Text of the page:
I have asked before, and am still interested in knowing where you got the “love more” sign in your entryway {see this post but don’t look at it when it’s all gross and brown, scroll down to after I painted it green}. I love it and SO need that reminder in my home right now. Can you please email me or post it on your blog? I would appreciate it so much.

I’ve had many questions about this lately so here you go: I went to Home Depot and had some wood cut to the dimensions I needed, sanded it down, painted it, and then painted the swirly “Love More” letters on it free-hand. After I painted them I used a Sharpie marker to kind of highlight the shadows so the letters look like they stand out a little bit. Then I got a quilt rope thing at Walmart and hot-glued it around the edge to create some dimension.

I have three little ones (barely 4, 2 1/2, and 6 months). My 4-year-old has always been the most obedient, helpful, loving little guy. Lately, though, he is TOTALLY pushing the limits… not responding when I am talking to him, harassing his little sister, yelling at me when I ask him to do something, etc. I’m completely taken by surprise because it came on so suddenly. We’ve never had to have any major discipline system in place because he’s always been so good and easy. Anyway, do you have any suggestions for me?

The first thing that comes to mind when my kids change their behavior suddenly like that is that they are craving more attention. That’s when they need extra snuggling and also maybe some extra “praise/responsibility.” “Praise/responsibility” (let’s call it “P/R” for short) is when you say something like: “Oh my word, I have noticed that you are so good at helping with the baby!” {or something else you really have noticed they do well…emptying the silverware in the dishwasher, clearing their plate after dinner, etc.}. “I don’t know many other kids who can do that as well as you do. I’m feeling like I really need some help from a really big-boy helper. Do you think you could keep the baby happy for a little bit to help me out?” And then when they do, praise them up and down. “Oh that makes me so happy that you can do that so well! You are helping our family so much!” I swear the “P/R” thing works every time. Kids feel so much more secure and happy when they feel they are helping and valued.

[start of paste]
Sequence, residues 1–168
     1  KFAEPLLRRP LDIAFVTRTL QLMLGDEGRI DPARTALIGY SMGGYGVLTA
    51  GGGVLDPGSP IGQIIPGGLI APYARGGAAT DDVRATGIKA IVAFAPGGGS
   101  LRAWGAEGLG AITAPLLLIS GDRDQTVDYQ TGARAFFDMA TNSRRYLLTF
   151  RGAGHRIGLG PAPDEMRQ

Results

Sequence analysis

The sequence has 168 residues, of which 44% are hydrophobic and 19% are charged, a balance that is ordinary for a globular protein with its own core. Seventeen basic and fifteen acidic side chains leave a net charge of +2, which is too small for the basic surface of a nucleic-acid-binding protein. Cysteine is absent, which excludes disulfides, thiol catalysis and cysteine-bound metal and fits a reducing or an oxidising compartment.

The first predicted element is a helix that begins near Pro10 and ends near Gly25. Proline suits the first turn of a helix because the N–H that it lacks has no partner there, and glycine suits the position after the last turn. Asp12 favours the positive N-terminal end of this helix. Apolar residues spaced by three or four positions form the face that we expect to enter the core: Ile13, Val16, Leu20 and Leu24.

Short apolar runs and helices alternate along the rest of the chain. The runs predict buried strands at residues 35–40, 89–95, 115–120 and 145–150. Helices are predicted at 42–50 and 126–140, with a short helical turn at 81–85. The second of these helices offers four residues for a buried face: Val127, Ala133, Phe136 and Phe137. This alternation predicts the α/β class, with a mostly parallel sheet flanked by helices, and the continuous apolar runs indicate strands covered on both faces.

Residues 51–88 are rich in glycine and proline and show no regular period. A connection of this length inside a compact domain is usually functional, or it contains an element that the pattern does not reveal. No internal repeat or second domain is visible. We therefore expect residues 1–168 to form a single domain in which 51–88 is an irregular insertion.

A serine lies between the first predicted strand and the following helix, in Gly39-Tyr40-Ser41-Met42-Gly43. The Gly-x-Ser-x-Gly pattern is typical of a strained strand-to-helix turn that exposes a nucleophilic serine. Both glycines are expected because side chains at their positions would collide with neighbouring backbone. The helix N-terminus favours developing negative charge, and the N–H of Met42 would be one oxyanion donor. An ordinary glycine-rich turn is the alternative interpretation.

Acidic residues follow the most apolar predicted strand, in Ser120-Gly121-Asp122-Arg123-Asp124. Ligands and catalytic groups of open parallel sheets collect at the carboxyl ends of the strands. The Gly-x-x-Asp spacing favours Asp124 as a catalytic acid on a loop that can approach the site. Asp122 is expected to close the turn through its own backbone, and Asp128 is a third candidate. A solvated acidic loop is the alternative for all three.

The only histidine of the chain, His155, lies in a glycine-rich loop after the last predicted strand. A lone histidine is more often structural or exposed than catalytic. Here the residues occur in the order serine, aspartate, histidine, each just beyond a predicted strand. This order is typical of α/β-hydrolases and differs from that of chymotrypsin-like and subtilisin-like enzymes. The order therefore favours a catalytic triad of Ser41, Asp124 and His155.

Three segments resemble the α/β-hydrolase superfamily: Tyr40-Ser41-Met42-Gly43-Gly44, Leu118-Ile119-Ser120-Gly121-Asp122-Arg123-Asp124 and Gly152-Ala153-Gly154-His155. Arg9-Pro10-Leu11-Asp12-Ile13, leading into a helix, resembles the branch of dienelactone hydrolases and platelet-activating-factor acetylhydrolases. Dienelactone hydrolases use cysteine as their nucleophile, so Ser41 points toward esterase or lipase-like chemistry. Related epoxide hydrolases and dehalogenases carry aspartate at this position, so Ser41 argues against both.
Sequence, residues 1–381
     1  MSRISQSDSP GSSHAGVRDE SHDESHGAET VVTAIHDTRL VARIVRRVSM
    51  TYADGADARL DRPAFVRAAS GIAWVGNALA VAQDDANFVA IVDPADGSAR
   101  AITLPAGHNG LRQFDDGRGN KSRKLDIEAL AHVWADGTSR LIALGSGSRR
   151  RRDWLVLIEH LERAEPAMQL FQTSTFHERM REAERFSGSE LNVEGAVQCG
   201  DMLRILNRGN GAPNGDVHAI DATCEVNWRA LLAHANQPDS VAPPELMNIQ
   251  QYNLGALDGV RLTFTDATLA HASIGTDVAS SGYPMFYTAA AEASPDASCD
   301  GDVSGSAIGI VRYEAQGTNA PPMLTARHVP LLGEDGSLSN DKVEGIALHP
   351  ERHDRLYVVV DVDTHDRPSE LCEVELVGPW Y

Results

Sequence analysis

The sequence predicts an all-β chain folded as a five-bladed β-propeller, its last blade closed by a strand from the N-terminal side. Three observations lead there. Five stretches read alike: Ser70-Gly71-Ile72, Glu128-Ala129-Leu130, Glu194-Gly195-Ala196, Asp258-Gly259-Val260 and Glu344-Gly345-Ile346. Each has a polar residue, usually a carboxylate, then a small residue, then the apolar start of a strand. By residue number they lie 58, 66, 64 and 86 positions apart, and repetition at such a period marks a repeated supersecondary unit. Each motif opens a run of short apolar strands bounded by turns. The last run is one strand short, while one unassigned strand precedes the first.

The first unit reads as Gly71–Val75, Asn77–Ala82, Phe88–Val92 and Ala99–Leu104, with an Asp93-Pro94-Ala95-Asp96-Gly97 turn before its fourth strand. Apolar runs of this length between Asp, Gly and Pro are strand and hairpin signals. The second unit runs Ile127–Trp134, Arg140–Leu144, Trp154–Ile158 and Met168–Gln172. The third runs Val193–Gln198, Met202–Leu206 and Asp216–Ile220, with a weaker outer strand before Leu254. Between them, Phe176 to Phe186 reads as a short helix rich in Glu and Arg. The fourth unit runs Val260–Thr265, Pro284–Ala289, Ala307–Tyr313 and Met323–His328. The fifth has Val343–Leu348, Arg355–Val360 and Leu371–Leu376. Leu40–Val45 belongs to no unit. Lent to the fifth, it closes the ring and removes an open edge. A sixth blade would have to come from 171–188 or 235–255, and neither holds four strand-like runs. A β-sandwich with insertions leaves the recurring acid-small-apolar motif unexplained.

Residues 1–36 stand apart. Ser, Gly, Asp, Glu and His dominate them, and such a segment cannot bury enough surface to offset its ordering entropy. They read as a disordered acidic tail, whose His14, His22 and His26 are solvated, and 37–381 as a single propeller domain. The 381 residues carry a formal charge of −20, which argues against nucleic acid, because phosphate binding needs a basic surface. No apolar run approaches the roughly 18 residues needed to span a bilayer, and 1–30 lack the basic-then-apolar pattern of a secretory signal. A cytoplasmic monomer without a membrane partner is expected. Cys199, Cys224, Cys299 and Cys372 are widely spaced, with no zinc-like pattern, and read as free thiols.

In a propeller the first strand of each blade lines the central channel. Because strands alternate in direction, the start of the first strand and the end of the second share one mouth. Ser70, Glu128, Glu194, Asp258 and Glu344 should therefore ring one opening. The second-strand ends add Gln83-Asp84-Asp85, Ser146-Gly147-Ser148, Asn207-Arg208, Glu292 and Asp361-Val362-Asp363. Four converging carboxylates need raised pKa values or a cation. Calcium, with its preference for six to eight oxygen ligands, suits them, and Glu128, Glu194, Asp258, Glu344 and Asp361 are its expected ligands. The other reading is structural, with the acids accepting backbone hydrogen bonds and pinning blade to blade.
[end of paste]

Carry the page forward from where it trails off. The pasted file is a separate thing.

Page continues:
To give more praise you could also go with the “talents on the fingertips” route I talked about back here, but be forewarned that your child may become so fascinated with those fingertip letters that she may decide to add her own…
Yeah, that’s after scrubbing for a while the tub…
And yeah, that’s her chin.

She got her legs too.

I think those are “G’s”…do they stand for “good”? OR maybe “gregarious”? Who knows. But I personally think she should have written “T”‘s for body “tatoo” artist. I mean, I think it’s pretty talented to be able to write letters on your chin for crying out loud.

But I digress…

The very, very best thing I can think of in almost any disciplining situation with little kids like this is distraction. It works miracles I tell you. When Lu is pushing the limits I try my darnedest to remember not to let my emotions get in the way and change the subject. I’ll say things like this in a very over-animated voice: “Oh my GOSH Lu, did you remember to tell Dad what you did at school today??” Or “Hey, I have a great idea! We haven’t done a puzzle for a long time, let’s go see if we can find a new one.” Or “I have an important question for you: I’m wondering if you know how to draw a kitty.” You know, stuff like that. I don’t know if it’s just Lucy, but it gets her every time. It sometimes even gets my bigger kids 🙂

The “not letting emotions get in the way” part is the key, because really, it’s only going to give more fuel to the fire to get upset or openly frustrated. I know if a child is yelling at you it’s the toughest thing in the world to keep your cool, but counting to ten helps. Really. And getting mad back doesn’t. Believe me, I’ve tried it 🙂

Also, I wrote a couple weeks ago about how much I love natural consequences, time out, and the 1-2-3 Magic method. They work miracles. (If you haven’t read that “1-2-3 Magic” book click here for more information that will change your life forever. That thing got me through my mothering of toddlers and pre-schoolers like magic 🙂 I still do the 1-2-3- thing with my big kids and it works like a charm).

Which small camera would you recommend:

See the first question in this post.

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  1. You are crazy talented. I LOVE those freehanded letters… they're perfection in carelessness. 😉 I also loved the 1-2-3 Magic when my kids were small. Probably the most helpful parenting book I ever read.